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Supremes shun RIM - again

No review of NTP appeal court win

Next gen security for virtualised datacentres

The US Supreme Court has rejected Research in Motion's latest request that it weigh in on the Blackberry maker's battle with US intellectual property holding company NTP.

The Court this week said it would not review the US Court of Appeals' August 2005 verdict that RIM had indeed infringed NTP's patents and which sent the case back to the District Court where RIM now faces the prospect of being told to stop offering its service to US users.

Last year, RIM asked the Supreme Court to stay the Court of Appeals' verdict, but the Supremes announced in October 2005 that they wouldn't do so. RIM tried again in December, this time pitching the matter as a vital clarification of the geographical reach of US patent law. It even persuaded new buddy Intel to file a request on its behalf.

RIM's argument is an old one: it's system is based outside the US, so it can't be held to be liable in the US. Only it can, the Supreme Court's decision implicitly states, since the service is being offered to US businesses and consumers.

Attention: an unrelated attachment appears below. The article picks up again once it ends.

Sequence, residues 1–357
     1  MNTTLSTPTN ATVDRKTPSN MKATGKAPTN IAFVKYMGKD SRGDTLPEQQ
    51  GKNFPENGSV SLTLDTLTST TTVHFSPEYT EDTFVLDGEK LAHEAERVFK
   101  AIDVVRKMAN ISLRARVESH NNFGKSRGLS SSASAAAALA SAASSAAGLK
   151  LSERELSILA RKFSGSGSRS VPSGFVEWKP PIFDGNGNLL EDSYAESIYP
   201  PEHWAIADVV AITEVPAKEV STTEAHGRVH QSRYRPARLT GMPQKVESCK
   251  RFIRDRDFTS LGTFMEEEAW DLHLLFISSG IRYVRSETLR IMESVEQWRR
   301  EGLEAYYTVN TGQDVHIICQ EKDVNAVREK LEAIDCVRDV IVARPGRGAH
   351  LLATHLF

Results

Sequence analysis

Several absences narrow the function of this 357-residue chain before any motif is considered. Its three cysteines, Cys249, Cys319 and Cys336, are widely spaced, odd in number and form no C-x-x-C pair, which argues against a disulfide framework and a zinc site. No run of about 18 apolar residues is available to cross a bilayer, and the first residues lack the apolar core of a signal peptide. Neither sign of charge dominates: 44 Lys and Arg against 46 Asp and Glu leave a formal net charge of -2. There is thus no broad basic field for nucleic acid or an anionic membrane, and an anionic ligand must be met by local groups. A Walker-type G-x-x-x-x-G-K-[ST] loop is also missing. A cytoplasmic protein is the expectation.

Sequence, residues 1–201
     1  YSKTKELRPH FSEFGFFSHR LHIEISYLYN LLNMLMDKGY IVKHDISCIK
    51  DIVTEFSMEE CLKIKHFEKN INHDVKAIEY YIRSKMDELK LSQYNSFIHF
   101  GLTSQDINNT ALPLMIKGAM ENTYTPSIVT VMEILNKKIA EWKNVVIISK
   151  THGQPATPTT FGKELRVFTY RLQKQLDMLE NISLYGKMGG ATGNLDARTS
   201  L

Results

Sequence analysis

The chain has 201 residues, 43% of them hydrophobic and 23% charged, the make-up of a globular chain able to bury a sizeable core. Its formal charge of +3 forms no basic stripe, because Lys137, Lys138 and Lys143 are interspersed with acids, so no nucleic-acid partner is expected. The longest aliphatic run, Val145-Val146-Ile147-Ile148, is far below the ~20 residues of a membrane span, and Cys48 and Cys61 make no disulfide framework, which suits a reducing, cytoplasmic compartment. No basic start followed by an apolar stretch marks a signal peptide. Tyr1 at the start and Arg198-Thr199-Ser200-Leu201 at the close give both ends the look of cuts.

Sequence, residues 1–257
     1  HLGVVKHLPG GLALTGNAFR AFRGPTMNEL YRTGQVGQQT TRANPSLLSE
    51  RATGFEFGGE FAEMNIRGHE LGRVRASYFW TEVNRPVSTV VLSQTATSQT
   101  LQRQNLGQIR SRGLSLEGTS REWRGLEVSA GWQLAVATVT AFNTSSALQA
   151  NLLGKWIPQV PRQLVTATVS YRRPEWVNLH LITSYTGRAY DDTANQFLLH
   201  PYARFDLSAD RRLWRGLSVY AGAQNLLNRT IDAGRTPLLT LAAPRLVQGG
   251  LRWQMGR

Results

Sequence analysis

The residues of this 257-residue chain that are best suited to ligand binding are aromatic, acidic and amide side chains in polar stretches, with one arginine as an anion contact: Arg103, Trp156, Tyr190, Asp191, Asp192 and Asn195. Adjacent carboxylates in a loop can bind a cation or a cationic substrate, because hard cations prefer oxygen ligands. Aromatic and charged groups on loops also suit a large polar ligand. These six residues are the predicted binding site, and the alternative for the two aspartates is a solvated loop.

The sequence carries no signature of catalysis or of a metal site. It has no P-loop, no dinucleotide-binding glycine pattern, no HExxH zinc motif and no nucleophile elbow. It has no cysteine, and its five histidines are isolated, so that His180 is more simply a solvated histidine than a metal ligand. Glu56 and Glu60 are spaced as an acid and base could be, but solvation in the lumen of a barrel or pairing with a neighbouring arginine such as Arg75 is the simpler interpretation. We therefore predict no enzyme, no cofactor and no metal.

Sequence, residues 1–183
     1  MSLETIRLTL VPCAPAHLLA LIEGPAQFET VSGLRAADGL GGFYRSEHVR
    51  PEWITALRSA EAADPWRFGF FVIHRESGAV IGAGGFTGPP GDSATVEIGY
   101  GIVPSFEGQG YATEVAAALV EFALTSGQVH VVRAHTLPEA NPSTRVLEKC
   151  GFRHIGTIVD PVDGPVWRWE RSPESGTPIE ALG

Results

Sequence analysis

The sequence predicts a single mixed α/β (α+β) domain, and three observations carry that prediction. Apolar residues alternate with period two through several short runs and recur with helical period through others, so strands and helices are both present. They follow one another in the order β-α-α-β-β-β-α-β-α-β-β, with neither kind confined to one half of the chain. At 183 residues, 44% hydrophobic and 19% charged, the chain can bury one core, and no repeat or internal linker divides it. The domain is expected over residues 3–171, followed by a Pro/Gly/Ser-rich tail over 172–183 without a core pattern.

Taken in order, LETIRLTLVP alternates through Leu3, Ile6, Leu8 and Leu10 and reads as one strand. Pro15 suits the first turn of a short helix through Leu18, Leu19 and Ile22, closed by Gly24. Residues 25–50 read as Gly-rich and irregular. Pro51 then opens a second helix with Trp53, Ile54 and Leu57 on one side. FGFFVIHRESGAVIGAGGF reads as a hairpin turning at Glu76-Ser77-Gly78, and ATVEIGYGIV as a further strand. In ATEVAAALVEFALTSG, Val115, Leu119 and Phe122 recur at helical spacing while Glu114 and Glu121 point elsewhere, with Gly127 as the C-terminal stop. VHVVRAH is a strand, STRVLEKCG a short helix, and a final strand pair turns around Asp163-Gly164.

In its District Court fight, RIM recently told the presiding judge, Judge James R. Spencer, its service to too important to shut down, the implication being that the US will suffer economic ruination if Wall Street traders lose their crackberries. Heck, they'd have to talk to their clients then...

Where now for RIM? If Judge Spencer isn't convinced that Blackberry is a crucial to the maintenance of Western Civilisation as all that, RIM has its patent-sidestepping technology to roll out. Users aren't likely to be happy with all the necessary software update work, but RIM will be hoping they prefer that to the cost of moving to a third-party, non-infringeing service, or having no service at all. ®

Next gen security for virtualised datacentres

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